Surprisingly, two former beer bottle-cappers from Milwaukee reporting to a talking pig in the army is one of the least weird things about the show. In the first episode while complaining about digging foxholes, Laverne and Shirley stumble across a rocket ship which takes them to outer space, where they board a flying saucer and meet a race of aliens planning to destroy the earth. This is literally their first experience in the army, and things just get weirder from there.
The second episode is wackier than the first. When Laverne and Shirley are selected for skydiving practice, both Laverne and Sgt. Squealy leap from the plane without their chutes (which I guess explains why they needed practice). Our three heroes land on a mysterious, uncharted island, where they encounter a tribe of cannibals known as the Zambula. The girls are rescued by a vine-swinging man dubbed “Jungle Man” before they, along with Squealy, are eventually kidnapped by a giant King Kong-esque gorilla named Chongo. All of this takes place in approximately 20 minutes.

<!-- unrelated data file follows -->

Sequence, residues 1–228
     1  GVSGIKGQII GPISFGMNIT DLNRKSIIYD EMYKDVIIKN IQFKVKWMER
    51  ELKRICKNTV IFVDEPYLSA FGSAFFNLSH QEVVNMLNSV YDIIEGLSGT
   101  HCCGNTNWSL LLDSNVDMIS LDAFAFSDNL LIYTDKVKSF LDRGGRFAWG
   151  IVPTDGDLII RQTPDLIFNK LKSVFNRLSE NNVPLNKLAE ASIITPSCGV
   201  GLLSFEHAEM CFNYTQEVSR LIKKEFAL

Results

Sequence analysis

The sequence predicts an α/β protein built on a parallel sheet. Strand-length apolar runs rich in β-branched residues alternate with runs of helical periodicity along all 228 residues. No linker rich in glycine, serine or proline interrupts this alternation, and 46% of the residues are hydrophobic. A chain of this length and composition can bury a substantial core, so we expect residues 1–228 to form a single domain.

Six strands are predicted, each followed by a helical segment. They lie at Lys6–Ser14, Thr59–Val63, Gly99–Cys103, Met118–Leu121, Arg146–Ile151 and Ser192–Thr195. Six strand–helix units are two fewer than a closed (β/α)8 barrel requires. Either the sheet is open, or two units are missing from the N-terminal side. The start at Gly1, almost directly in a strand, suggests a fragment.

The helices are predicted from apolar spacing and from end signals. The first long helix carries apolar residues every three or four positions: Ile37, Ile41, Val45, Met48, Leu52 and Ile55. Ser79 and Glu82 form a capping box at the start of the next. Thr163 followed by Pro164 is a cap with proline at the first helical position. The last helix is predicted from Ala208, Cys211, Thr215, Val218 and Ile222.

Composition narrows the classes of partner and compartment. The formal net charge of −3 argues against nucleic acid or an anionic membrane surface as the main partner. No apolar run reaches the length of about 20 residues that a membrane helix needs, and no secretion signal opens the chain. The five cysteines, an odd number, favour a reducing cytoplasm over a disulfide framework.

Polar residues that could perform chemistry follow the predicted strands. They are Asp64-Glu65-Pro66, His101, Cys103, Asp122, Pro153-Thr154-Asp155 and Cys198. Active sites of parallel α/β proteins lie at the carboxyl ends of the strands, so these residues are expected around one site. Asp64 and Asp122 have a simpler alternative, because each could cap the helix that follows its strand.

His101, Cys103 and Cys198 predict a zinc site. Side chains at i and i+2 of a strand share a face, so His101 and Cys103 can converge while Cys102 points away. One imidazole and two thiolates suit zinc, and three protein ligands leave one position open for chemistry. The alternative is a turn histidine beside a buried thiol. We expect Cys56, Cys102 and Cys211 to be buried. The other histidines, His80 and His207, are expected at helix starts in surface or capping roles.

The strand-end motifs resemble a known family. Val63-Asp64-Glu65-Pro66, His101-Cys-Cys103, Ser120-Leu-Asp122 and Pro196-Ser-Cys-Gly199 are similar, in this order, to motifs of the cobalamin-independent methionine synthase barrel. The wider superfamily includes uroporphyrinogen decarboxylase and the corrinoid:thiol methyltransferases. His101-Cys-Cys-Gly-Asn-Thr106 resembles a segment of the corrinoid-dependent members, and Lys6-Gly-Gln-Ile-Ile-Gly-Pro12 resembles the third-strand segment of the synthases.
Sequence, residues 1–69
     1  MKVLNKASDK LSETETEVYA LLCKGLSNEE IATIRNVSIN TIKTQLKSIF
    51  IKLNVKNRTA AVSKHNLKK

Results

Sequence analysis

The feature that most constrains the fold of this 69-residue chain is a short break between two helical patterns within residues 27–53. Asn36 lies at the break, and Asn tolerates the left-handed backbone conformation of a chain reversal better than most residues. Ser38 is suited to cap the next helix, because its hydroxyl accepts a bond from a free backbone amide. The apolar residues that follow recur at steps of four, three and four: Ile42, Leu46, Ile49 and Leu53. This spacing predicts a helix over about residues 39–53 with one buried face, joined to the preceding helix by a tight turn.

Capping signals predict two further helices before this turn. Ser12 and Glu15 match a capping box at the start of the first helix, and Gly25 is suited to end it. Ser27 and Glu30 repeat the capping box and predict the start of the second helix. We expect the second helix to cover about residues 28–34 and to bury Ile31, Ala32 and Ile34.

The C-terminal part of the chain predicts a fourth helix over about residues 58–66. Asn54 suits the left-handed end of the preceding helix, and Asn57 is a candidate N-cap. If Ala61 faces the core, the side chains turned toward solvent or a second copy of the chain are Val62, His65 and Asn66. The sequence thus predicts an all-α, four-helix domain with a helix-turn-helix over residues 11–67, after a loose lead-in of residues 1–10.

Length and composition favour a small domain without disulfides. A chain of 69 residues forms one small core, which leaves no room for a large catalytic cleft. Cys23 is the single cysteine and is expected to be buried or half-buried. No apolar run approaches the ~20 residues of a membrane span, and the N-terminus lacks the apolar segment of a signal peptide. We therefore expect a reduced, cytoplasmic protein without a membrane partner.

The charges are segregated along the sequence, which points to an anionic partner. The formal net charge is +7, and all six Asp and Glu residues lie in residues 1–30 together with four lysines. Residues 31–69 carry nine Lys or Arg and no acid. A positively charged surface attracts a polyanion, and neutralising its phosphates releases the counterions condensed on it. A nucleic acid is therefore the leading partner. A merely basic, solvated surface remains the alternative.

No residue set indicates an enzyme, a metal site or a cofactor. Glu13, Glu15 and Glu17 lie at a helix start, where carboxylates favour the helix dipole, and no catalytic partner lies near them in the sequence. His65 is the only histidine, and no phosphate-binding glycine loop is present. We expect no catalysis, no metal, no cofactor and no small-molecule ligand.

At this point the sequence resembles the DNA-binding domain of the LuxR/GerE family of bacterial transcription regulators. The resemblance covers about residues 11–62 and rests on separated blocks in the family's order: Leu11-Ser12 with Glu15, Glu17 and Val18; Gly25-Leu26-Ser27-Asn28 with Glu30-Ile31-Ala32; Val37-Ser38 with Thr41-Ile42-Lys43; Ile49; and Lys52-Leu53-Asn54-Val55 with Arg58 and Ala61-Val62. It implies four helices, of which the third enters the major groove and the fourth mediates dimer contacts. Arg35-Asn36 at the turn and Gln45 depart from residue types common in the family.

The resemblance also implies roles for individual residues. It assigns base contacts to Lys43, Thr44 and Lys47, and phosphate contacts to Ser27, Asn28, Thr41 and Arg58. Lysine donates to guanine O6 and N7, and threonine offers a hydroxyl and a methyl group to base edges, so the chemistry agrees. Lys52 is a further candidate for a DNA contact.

Like many Saturday morning cartoons, the show’s characters are mostly one-dimensional. Laverne dishes out the sarcasm while Shirley constantly tries to ease the tension between Laverne and their commanding pig. Sgt. Squealy, loyal to the army, threatens to tell Sgt. Turnbuckle about the girls’ behavior at least ten times per episode. And, without fail, Laverne and Shirley will compete for the attention of an attractive man (many of whom turn out to be the episode’s villain).
“Bigfoot,” the seventh episode, marks the halfway point in the show’s run. In this episode, Laverne and Shirley are out on a hike when Squealy accidentally falls into a giant footprint. Moments later, Bigfoot arrives and chases the three into an abandoned mine where they meet two miners, Slade and The Dude. Soon, Laverne and Shirley discover a giant map revealing that the mine connects to the U.S. Gold Depository. Eventually “Bigfoot” is revealed to be a man in a costume, but hilarity ensues when the real Bigfoot arrives to save our soldiers and cause even more confusion.